googleplex wrote:Certain transitions change rule dynamics, so I thought I would figure out how transitions (eg. b1a, s4k) effect dynamics of rules (eg. if it's explosive or not)

In a certain literal sense, of course,

all the dynamics of CA rules arise from their transitions. Sometimes they just arise more directly, and from a smaller set of transitions, than in others.

For example, (non-strobing) rules with B1c trivially explode, and cannot support still lifes, spaceships or oscillators, since any finite pattern will expand diagonally at lightspeed. Rules with B1e or B2a also tend to explode, since either a single cell or a pair of adjacent cells will expand orthogonally at lightspeed, but these rules

can support non-exploding patterns. But if you put both B1e and B2a in the same rule, explosion is again guaranteed.

Personally, I've found rules on the 4-cell von Neumann neighborhood to be a nice starting point for this kind of analysis, both because there are fewer possible transitions to consider (only 10 for totalistic rules, or 12 for general isotropic rules) and because the lack of triangles in the cell adjacency graph makes things simpler (since two adjacent cells share no neighbors besides each other). Indeed, all the isotropic rules on the 4-cell neighborhood can be classified as follows:

- For rules without B0, empty space is stable:

- In rules with B1 (and without B0), all patterns explode at lightspeed. In rules without B1 (or B0), patterns cannot expand outside their initial bounding box (but may still have interesting dynamics within that box, e.g. as in the rule below).

`x = 80, y = 80, rule = B24/S23V`

80o$3o76bo$o78bo$o78bo$o78bo$o78bo$o78bo$o78bo$o78bo$o78bo$o78bo$o78bo

$o78bo$o78bo$o78bo$o78bo$o78bo$o78bo$o78bo$o78bo$o78bo$o78bo$o78bo$o

78bo$o78bo$o78bo$o78bo$o78bo$o78bo$o78bo$o78bo$o78bo$o78bo$o78bo$o78bo

$o78bo$o78bo$o78bo$o78bo$o78bo$o78bo$o78bo$o78bo$o78bo$o78bo$o78bo$o

78bo$o78bo$o78bo$o78bo$o78bo$o78bo$o78bo$o78bo$o78bo$o78bo$o78bo$o78bo

$o78bo$o78bo$o78bo$o78bo$o78bo$o78bo$o78bo$o78bo$o78bo$o78bo$o78bo$o

78bo$o78bo$o78bo$o78bo$o78bo$o78bo$o78bo$o78bo$o78bo$o78bo$80o!

- For rules with B0 and S4, empty space will flip once and then stabilize. These rules all have equivalent non-B0 duals obtained by swapping and bitwise complementing the birth and survival transitions, which effectively amounts to just swapping the labels on the dead and live cell states.

(Indeed, all two-state CA rules have such duals, although a few rules are fully state-symmetric and thus self-dual. On the von Neumann neighborhood, these state-symmetric rules are themselves subject to a different kind of duality, where swapping but not complementing the birth/survival transitions yields a different rule with equivalent dynamics if every second cell on the lattice is swapped. This second kind of duality doesn't work on the 8-cell Moore neighborhood, though, since it requires the adjacency graph to be bipartite.) - Rules with B0 and without S4 are strobing. For the 4-cell neighborhood, these rules are the only ones that can have spaceships, although not all of them do.

- Strobing rules with S3 and no B1 are explosive, just like non-strobing rules with B1.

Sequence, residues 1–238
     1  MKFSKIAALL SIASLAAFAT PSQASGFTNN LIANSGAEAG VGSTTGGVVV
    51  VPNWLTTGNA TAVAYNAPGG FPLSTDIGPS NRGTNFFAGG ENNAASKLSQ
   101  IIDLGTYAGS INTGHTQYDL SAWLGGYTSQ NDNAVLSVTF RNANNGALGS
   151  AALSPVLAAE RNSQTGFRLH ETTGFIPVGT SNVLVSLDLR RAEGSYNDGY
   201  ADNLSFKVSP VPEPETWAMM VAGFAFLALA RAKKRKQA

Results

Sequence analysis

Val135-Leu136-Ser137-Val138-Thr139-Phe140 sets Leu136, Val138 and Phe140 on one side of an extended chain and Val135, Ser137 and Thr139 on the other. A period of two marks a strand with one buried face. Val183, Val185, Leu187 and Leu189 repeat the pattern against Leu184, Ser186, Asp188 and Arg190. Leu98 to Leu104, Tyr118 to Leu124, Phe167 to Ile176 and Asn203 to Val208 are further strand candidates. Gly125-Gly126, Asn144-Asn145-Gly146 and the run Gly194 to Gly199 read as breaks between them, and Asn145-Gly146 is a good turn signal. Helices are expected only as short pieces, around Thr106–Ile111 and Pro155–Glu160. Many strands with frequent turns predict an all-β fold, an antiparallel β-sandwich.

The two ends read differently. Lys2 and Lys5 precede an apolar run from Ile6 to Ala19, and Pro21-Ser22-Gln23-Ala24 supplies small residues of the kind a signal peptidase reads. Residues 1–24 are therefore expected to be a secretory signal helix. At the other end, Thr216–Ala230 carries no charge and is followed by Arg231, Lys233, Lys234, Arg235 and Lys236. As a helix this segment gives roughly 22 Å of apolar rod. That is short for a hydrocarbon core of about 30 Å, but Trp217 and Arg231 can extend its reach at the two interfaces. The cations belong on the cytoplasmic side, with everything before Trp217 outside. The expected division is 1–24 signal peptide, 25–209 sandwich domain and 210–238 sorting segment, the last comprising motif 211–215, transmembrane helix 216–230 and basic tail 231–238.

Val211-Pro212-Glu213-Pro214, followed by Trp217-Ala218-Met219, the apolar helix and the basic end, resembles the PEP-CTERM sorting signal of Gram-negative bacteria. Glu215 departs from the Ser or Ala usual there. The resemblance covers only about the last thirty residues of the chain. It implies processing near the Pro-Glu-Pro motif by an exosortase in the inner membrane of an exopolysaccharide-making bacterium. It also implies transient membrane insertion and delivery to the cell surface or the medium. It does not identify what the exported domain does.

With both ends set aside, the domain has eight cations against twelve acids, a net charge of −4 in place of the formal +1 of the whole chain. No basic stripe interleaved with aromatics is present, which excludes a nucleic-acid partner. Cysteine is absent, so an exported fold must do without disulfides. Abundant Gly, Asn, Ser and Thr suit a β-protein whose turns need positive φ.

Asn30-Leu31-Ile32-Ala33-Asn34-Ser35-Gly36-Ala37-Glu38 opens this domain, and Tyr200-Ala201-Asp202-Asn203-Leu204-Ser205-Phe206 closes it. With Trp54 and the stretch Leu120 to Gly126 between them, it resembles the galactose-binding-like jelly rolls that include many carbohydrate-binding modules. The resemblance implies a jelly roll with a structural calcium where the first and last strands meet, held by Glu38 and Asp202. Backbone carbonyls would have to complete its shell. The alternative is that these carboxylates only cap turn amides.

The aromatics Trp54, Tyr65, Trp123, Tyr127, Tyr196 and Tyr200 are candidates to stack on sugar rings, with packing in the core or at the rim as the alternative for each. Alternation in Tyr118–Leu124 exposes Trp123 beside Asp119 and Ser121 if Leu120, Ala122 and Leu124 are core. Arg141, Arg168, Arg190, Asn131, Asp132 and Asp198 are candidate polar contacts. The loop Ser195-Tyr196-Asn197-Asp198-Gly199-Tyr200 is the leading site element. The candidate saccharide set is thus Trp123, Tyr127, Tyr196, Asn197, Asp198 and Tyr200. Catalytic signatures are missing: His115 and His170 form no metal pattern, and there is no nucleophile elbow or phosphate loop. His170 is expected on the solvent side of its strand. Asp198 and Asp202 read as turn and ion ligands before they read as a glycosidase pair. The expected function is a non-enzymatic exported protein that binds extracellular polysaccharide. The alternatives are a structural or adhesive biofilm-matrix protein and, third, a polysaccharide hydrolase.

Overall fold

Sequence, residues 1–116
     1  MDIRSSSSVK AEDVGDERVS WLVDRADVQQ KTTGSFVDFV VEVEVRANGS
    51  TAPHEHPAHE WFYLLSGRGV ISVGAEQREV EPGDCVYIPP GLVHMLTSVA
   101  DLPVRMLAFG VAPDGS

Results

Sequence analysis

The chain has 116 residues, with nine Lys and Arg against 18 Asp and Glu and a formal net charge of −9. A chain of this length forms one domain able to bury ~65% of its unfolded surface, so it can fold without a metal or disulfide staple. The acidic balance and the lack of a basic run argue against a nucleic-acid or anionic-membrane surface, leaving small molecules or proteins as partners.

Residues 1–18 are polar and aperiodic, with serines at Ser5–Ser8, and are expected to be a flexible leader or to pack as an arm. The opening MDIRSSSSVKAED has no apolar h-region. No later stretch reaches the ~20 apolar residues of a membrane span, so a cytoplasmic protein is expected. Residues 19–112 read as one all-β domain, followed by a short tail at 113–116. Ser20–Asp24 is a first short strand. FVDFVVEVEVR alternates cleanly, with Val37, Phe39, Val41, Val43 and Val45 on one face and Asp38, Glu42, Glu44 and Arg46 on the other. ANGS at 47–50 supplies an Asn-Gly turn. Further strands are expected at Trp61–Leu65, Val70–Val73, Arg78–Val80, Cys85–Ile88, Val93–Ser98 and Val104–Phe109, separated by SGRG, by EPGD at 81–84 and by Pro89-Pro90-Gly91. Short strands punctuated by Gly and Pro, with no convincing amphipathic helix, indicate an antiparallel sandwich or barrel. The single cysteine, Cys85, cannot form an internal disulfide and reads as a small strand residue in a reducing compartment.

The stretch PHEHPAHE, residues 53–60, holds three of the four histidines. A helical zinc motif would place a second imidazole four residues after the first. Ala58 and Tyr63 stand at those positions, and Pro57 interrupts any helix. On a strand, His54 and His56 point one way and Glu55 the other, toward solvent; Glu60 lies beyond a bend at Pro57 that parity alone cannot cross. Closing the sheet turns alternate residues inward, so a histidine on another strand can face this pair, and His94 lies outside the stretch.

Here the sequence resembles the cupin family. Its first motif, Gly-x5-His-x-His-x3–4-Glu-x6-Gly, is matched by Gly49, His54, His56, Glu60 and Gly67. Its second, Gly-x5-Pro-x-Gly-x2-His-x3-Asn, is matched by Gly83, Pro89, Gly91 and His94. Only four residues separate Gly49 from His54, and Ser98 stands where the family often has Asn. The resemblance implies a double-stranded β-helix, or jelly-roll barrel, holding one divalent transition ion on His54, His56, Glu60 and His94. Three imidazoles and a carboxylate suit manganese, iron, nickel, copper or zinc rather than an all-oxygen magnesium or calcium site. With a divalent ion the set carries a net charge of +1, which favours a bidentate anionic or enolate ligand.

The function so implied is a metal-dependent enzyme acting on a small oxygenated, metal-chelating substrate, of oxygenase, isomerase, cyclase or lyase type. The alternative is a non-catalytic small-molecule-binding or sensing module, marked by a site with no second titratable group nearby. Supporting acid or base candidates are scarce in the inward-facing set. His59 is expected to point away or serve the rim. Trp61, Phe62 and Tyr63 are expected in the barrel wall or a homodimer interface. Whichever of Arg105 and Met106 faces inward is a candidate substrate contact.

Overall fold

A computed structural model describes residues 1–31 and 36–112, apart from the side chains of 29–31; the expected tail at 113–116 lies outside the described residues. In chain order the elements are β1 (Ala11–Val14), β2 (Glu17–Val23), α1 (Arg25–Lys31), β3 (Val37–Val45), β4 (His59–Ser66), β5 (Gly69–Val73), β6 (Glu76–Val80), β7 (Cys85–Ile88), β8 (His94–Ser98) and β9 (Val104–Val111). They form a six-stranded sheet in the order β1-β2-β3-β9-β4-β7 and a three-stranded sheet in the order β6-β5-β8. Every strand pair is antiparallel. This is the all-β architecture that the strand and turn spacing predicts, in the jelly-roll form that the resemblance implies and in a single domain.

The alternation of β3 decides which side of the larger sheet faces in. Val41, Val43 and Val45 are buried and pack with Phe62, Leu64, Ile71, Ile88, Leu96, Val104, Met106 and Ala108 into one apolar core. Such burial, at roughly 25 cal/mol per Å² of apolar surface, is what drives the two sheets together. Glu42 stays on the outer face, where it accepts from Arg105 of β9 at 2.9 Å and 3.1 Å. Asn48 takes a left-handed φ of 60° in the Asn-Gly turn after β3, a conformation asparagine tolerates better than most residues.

- Patterns in strobing rules with B1 and no S3 are confined to their bounding boxes, just like in non-strobing rules without B1.
- Again, strobing rules with B1 and S3 are equivalent to their duals with neither.
- Out of the remaining rules (with B0 and no B1/S34), those with B2e are also explosive, as the corners of any pattern with expand diagonally at c/2 (which is the maximum diagonal movement speed on the 4-cell neighborhood).
- That leaves a total of 32 distinct totalistic (or 128 isotropic) rules, plus their duals, that are in principle capable of supporting spaceships on the 4-cell neighborhood. Several of those indeed do:

`x = 2, y = 6, rule = B02/SV`

bo$2o3$2o$bo!

`x = 4, y = 10, rule = B02/S1V`

2bo2$2b2o$o2bo$b3o$b3o$o2bo$2b2o2$2bo!

`x = 9, y = 5, rule = B024/S1V`

3o2$4b5o2$2bo!

`x = 9, y = 10, rule = B03/S1V`

6bo$5b3o$6bo2$7bo$7b2o$6bo$5bo$o5bo$4bo!

`x = 14, y = 5, rule = B04/S1V`

ob2o5b3o$7b2o3bo$4b4o2bo2bo$7b2o3bo$9b3o!

Macbi wrote:Does anyone know any rules of thumb to determine if a strobing rule is explosive or not?

Well, obviously, any strobing rule with S7c and without B1c must explode diagonally at lightspeed, just like non-strobing B1c rules do. Similarly, S6a7e without B1e2a makes the corners of any pattern expand orthogonally at lightspeed, just like having B1e2a does for non-strobing rules.

Perhaps more interestingly, these can be mixed: a strobing rule with S7c and no B1e2a, or S6a7e and no B1c, will also explode, with the corners spreading out at (2,1)c/2 in alternating diagonal and orthogonal steps:

`x = 1, y = 1, rule = B01e2345678/S6a7e`

o!

Conversely, just like non-strobing rules need at least one of the transitions in B1ce2ac3i for patterns to escape their bounding box, a strobing rule will need to

lack at least one transition from both B1ce2ac3i, or to have at least one of S5i6ac7ce, for patterns not to stay confined in boxes. And similarly, just like patterns in non-strobing rules need at least one of B1ce2ae3a to escape their bounding diamond, in strobing rules they need to lack at least one of B1ce2ae3a or to have at least one of S5a6ae7ce.

In general, the most obvious difference between strobing and non-strobing rules, of course, is that adding more birth transitions tends to stabilize strobing rules, whereas it tends to destabilize non-strobing rule. Also, since the "active" cell state alternates between generations, there's no such clear distinction between (non-)birth and survival transitions: adding, say, B3e to a randomly chosen strobing rule has, on average, the same effect as removing S5e. (Or, more precisely: adding B3e to a strobing rule has

exactly the same effect as removing S5e from its dual rule.)